This is the second article in the three-part series that focuses on some of the game’s senior citizens who continue to defy the ageing process. In case you missed it, take a look at Part 1.
Following the recent retirement of Cameron Smith at age 37, the NRL’s four elder statesmen at the moment are:
So what is it with these players? How are they still producing the goods week after week after all these years?
How did they get to here? How long can they keep going?
Today, we’ll look at Iosia Soliola.
Hailing from Samoa via Auckland, Soliola made his first grade debut for the Roosters at the age of 19 in Round 1 of the 2005 season. Playing his first and only top-level game on the wing, he crossed for a try in the Chooks’ victory over South Sydney.
Switching positions with Joel Monaghan from Round 2 onwards, Soliola played the rest of the season at centre, and despite the Roosters just missing a place in the finals, he impressed enough to be selected for New Zealand to make his international debut as a 19-year-old, however, injury meant he had to drop out of the side.
2006 saw him play 21 games for the Roosters, and although they finished the year in second-last place, he was selected at centre for New Zealand in the Tri Nations, going on to score four times in five games, equal-highest for the series with Greg Inglis.
Injuries and patchy form saw Soliola in and out of the Roosters’ first grade side over the next three seasons, but those years weren’t without their personal highlights.
He was selected for the 2007 Anzac Test, was part of the Roosters side for their unsuccessful 2008 finals campaign, and was selected for, but had to withdraw from, NZ’s 2008 World Cup squad.
In many ways, 2009 was a watershed year for Soliola.
He played his last international as a centre against Australia in May, successfully made the transition into the forwards with the Roosters, announced that he was moving to the Super League to join St Helens the following season, and finished the year with four games in the forwards for New Zealand in the Four Nations tournament, forming a lethal backrow combination with Frank Pritchard and Adam Blair.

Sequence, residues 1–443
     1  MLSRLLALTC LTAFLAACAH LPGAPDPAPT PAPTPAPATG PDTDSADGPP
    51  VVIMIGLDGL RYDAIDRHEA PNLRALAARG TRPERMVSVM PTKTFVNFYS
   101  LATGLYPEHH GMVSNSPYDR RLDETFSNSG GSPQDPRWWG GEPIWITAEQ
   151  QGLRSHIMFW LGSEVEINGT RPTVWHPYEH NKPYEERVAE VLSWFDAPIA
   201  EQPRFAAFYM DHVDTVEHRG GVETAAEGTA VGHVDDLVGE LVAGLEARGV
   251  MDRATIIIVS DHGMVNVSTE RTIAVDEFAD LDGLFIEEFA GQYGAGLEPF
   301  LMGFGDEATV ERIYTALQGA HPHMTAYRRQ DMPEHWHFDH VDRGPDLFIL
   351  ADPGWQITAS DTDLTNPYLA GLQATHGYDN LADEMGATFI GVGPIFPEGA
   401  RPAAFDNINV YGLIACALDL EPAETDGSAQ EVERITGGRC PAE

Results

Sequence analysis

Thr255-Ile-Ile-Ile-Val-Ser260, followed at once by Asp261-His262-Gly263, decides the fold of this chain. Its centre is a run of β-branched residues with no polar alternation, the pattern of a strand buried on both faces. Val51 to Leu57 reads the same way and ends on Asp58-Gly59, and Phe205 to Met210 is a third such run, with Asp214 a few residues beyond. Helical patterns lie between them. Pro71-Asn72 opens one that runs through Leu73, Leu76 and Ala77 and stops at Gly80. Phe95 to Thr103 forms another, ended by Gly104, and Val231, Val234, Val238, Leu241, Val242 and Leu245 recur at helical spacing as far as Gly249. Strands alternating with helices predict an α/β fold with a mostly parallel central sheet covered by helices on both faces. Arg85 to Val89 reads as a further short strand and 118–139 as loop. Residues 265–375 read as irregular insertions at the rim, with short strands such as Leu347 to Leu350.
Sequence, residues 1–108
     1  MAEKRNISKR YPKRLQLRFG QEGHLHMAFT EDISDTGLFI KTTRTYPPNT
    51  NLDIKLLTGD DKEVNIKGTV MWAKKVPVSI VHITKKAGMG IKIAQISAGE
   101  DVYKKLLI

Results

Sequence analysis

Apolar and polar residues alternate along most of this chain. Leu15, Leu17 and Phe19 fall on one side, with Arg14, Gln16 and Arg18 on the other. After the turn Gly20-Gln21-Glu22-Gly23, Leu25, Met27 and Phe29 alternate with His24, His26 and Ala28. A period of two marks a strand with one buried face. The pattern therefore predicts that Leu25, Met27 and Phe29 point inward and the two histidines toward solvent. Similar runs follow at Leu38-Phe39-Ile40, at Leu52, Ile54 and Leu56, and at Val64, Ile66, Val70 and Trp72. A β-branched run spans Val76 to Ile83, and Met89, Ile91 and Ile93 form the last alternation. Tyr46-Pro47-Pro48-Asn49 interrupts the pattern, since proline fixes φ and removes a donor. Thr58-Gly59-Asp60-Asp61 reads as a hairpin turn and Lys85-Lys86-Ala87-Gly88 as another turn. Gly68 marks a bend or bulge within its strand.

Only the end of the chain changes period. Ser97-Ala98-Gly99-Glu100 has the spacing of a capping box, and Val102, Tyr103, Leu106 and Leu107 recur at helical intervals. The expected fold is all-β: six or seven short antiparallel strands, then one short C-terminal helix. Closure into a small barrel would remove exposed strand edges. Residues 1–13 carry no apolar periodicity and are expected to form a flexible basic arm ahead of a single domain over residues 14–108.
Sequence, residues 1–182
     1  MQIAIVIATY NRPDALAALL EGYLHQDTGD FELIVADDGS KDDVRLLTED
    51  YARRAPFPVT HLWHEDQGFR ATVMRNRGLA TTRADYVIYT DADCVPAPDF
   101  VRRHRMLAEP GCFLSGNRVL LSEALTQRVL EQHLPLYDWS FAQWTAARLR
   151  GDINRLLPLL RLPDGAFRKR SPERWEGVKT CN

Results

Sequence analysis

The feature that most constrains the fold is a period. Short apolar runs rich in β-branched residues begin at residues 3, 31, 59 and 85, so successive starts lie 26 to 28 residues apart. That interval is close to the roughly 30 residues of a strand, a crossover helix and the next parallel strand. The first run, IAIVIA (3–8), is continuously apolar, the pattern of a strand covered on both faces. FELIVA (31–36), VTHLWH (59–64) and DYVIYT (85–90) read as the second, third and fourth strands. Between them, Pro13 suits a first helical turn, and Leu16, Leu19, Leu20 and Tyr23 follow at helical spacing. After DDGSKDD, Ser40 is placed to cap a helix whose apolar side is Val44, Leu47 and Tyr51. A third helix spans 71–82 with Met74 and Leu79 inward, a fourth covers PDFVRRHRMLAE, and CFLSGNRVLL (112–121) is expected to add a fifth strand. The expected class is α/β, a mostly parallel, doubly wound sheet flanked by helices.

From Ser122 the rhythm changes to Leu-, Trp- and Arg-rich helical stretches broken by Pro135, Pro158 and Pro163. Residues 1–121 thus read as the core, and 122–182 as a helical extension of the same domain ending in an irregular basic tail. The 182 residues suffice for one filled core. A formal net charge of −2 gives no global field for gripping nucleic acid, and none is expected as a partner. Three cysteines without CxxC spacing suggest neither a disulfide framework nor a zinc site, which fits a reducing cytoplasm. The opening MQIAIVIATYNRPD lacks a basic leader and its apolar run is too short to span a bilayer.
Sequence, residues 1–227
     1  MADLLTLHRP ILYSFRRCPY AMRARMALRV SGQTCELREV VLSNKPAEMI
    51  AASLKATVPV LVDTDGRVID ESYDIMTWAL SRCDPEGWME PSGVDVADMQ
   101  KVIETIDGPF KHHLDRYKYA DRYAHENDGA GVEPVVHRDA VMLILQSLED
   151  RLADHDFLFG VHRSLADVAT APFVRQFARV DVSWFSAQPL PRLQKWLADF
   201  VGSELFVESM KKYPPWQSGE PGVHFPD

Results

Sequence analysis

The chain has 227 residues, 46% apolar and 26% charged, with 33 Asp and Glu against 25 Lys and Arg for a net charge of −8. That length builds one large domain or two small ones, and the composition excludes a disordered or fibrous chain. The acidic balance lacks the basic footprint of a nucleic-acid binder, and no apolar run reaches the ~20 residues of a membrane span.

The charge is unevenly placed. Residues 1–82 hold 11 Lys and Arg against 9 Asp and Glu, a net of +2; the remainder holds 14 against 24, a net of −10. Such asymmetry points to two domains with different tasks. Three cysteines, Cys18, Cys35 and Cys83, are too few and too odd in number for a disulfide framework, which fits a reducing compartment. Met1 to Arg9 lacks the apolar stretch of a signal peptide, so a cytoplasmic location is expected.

It not only looked like his days in the backline were over, but also his 92-game NRL career at the age of just 23, as England beckoned.
He was virtually an instant success in the ESL, going on to play a total of 117 games for St Helens, and crossing for 31 tries along the way.
However, premiership success still eluded him, with St Helens losing both the 2010 and 2011 Super League grand finals, and were knocked out in the semis in both 2012 and 2013.
Finally, in 2014, Soliola tasted premiership success, with St Helens defeating Wigan 14-6 in the Super League grand final, with Soliola crossing for a crucial try.
During his ESL stint, he captained Samoa in the 2013 World Cup, winning two of their three group games, before being knocked out in the quarter-finals by Fiji. This proved to be Soliola’s final international appearance.
Following the end of the successful 2014 ESL season, Soliola was still only 28 and could reasonably be expected to continue on with St Helens. However, he surprised one and all by signing on for 2015 with the Canberra Raiders.
Not many players make a successful return to the NRL from the ESL but Soliola proved to be an exception, hitting the ground running for the Raiders, and playing an integral part in the rise of the Canberra forward pack into one of the most effective and feared in the NRL.
He played nearly every game for the club over the next five seasons, including finals matches in 2016 and 2019, before suffering a horrific facial injury in Round 8 of 2020. The injury required a complete facial reconstruction and it looked unlikely that Soliola would get back on the field.
His career looked to be finally over at the age of 33.
However, testament to his strength and determination and his value to the Raiders team, he made it back by Round 20 that year, just 85 days after the injury, and went on to play through the finals series.
He was re-signed for the 2021 season, and has played an important role for the club coming off the bench in each game this year.
So what does Soliola bring?
Well, for a start, he’s one of the most experienced players in the competition, with over 330 first grade games and 16 internationals under his belt.
He also brings versatility, and having played nearly half of his career in the centres, has the ball skills, footwork and nous that can cause problems for the opposition when he has the ball in his hands.
He is also a powerful and ruthless defender. But what he brings most of all is grit.
Just the sort of player coach Ricky Stuart loves best.
Soliola is one of the hardest forwards in the game and never gives up. Even though he now primarily plays off the bench he is still very much a leader at the Raiders, and wouldn’t most other sides love to have someone of his calibre in their squads.